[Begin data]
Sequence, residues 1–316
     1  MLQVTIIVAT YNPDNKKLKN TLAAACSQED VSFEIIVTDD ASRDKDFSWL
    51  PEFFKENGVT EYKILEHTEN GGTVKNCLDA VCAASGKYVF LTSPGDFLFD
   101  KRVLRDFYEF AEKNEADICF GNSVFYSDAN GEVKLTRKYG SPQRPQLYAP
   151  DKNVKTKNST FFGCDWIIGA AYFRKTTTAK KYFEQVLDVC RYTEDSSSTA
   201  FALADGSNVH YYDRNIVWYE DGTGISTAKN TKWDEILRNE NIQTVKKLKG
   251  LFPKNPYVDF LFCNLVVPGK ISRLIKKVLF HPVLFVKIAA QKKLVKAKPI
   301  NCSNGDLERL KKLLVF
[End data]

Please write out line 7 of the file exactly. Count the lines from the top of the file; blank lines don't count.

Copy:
   251  LFPKNPYVDF LFCNLVVPGK ISRLIKKVLF HPVLFVKIAA QKKLVKAKPI